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Palin investigation can proceed, Alaska high court rules

  • Story Highlights
  • Alaska Supreme Court rejects attempt by allies of Gov. Palin to stop investigation
  • Legislative panel investigating July dismissal of public safety commissioner
  • Palin's allies have argued investigation is Democratic-led witch hunt
  • Lead investigator's report due Friday
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ANCHORAGE, Alaska (CNN) -- An investigation into Alaska Gov. Sarah Palin's firing of her public safety commissioner can proceed, Alaska's Supreme Court ruled Thursday, clearing the way for a Friday report to the state Legislature on the issue.

Alaska Gov. Sarah Palin has denied wrongdoing in the July departure of her public safety commissioner.

Alaska Gov. Sarah Palin has denied wrongdoing in the July departure of her public safety commissioner.

Allies of Palin, the Republican vice presidential nominee, had sued to halt the Legislature-initiated investigation, saying the investigation is an attempt by Democrats to sabotage the GOP ticket.

The justices unanimously upheld an Anchorage judge's ruling last week that dismissed the Republican lawsuit and upheld subpoenas for top Palin associates.

The conservative legal foundation that represented the plaintiffs said it was disappointed in the decision.

"Every citizen of Alaska will suffer a loss of their rights as a result," Hiram Sasser, litigation director of the Texas-based Liberty Legal Institute, said in a written statement. "If they can conduct this kind of smear campaign camouflaged as an 'investigation' against private citizens and government officials, then you could be next."

State Sen. Hollis French, the Democratic lawmaker managing the investigation, said Thursday's ruling "has affirmed that the separation of powers doctrine is alive and well."

Friday is the deadline for Stephen Branchflower, the prosecutor hired to conduct the inquiry, to make his report. At a campaign stop in Mason, Ohio, Palin said she wasn't nervous about the report.

"We have nothing to hide, absolutely nothing to hide," she said.

The Alaska Legislature's bipartisan Legislative Council unanimously commissioned the investigation in July, the month former Public Safety Commissioner Walt Monegan says he was fired by Palin.

Palin said Monegan was dismissed after he clashed repeatedly with her over budget issues. But Monegan has said he believes he was fired because he resisted pressure to fire the governor's ex-brother-in-law, State Trooper Mike Wooten.

Palin, who has called Wooten a "rogue trooper" who threatened her family during his divorce from her sister, has denied wrongdoing. She said Monegan continued to lobby lawmakers for projects she opposed.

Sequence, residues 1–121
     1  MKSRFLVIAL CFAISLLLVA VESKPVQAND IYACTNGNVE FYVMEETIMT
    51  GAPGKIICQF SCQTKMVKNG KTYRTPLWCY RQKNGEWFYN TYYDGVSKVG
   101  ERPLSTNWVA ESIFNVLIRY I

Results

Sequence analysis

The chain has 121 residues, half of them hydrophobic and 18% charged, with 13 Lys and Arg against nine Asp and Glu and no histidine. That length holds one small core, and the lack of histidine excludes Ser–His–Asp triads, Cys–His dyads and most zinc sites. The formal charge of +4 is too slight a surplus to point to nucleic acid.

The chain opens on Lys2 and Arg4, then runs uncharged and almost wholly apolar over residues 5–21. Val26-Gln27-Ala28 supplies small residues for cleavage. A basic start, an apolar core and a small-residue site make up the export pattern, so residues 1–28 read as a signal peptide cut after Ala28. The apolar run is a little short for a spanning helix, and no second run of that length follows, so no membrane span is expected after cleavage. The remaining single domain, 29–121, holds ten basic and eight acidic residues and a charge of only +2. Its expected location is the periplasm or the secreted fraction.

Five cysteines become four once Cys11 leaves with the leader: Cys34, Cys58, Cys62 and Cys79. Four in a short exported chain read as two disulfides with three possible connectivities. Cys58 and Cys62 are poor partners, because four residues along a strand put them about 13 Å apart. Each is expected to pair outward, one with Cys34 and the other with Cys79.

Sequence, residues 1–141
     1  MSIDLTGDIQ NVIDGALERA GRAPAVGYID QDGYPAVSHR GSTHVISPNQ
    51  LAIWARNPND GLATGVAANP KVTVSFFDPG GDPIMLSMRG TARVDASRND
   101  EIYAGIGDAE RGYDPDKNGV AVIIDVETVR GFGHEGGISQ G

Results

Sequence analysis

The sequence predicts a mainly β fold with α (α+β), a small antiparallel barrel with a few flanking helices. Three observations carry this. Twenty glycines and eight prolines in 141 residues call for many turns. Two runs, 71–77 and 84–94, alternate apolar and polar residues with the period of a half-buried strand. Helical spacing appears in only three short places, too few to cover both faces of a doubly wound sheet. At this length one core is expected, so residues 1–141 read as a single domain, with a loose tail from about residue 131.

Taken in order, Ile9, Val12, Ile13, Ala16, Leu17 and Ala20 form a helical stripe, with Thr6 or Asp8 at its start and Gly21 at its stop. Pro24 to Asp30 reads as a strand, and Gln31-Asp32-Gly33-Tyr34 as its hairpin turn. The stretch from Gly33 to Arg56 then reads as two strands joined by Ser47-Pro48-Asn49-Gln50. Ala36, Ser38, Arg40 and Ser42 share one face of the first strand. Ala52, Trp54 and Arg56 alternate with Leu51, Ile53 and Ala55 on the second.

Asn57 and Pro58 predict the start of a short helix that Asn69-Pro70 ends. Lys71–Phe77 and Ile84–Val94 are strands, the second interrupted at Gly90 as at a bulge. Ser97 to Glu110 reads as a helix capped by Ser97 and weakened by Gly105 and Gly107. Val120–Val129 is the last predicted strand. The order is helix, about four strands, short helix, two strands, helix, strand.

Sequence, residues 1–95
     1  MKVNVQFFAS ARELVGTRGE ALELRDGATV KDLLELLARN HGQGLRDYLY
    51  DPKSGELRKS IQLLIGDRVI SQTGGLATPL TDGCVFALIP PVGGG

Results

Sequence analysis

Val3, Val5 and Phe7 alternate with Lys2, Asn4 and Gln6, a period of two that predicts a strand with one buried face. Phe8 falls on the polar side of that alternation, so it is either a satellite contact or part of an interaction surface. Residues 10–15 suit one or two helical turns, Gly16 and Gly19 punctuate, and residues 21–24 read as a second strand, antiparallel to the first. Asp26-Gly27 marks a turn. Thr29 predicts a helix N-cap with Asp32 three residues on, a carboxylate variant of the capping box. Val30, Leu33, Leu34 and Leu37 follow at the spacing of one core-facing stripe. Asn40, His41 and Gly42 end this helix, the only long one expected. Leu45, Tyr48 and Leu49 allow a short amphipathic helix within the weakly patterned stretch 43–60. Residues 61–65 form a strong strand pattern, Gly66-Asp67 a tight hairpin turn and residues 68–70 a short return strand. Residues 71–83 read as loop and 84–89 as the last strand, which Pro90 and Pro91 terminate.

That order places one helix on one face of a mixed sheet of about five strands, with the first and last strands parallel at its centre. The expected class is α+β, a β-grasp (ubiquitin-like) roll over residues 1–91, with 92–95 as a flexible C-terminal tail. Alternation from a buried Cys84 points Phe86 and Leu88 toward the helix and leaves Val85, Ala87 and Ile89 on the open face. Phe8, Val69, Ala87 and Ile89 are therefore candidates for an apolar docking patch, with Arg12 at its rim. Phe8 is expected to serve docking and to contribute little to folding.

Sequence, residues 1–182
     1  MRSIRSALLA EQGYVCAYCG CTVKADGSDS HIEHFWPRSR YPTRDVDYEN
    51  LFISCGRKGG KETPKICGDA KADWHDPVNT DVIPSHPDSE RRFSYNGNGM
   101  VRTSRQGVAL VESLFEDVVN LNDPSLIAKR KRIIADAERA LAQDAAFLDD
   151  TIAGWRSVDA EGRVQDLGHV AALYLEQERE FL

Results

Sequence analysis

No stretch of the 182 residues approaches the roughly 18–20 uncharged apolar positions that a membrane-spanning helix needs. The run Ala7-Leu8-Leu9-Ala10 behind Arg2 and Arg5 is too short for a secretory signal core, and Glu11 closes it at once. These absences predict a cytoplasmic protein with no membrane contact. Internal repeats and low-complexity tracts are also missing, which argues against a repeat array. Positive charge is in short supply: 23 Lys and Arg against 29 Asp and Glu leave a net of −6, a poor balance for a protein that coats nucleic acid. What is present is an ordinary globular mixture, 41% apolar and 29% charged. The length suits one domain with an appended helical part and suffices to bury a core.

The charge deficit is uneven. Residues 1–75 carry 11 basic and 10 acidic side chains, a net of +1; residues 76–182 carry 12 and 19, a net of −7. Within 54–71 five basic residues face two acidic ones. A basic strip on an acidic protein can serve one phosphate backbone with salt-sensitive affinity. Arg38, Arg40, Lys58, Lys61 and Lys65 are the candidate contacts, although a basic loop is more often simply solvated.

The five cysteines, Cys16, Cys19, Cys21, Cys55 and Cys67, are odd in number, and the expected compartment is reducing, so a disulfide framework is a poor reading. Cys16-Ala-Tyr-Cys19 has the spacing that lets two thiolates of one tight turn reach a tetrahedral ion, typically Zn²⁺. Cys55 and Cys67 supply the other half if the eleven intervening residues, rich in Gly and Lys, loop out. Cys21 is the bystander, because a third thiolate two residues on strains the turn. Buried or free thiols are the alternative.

Palin initially pledged to cooperate with the investigation. But after she became Sen. John McCain's running mate in August, five GOP lawmakers sued to block the investigation. Her allies have argued that the legislative investigation is a Democratic-led witch hunt and that the state Personnel Board should instead lead the inquiry.

The governor's husband, Todd, and several top aides spent three weeks resisting subpoenas issued by the state Senate in September. But after last week's decision by Anchorage Superior Court Judge Peter Michalski to uphold the subpoenas, and with Friday's deadline for the investigation's final report approaching, they agreed to give statements to a special counsel this week.

Todd Palin said in a sworn affidavit released Wednesday night that he never pressured Monegan to fire Wooten.

Todd Palin said his wife was unhappy with Monegan because of "budget issues and failure to fill trooper vacancies."

"Walt Monegan was, to the best of my knowledge, not terminated," Todd Palin said. "He was offered a reassignment [to the post of executive director of the Alcohol Beverage and Control Board], and he resigned rather than accept the reassignment."

Todd Palin also acknowledged that he raised complaints with members of his wife's administration about a workers' compensation claim filed by Wooten, accusing the state trooper of fraudulently receiving benefits.

He said he photographed Wooten riding and working on a snowmobile on a day in 2007 when he was supposed to have been out on disability.

The issue is one of the facets Branchflower is expected to cover in his report. Branchflower already has taken statements from at least two people who handled the claim, one of whom said her boss was told by the governor's office to deny it, he told lawmakers in September.

But Todd Palin said he never pressured anyone to fire Wooten, and said the governor told him at one point to "drop it."

"Anyone who knows Sarah knows she is the governor and she calls the shots," Palin said.

And he defended his frequent contacts with officials in his wife's administration, saying that "few complained" when the spouses of the previous two governors helped their husbands.

"It is unfair to apply a double standard against my wife just because she is the state's first female governor," he said.

CNN's Tracy Sabo and Matt Smith contributed to this report.

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